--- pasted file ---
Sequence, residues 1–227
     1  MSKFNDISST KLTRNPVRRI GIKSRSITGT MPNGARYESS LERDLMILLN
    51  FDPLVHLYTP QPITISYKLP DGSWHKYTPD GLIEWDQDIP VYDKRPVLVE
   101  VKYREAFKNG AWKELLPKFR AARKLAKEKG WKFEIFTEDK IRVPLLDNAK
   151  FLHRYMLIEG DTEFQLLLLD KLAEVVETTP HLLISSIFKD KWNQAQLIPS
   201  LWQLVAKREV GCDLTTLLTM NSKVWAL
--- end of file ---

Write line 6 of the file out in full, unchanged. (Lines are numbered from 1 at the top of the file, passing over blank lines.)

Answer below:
   201  LWQLVAKREV GCDLTTLLTM NSKVWAL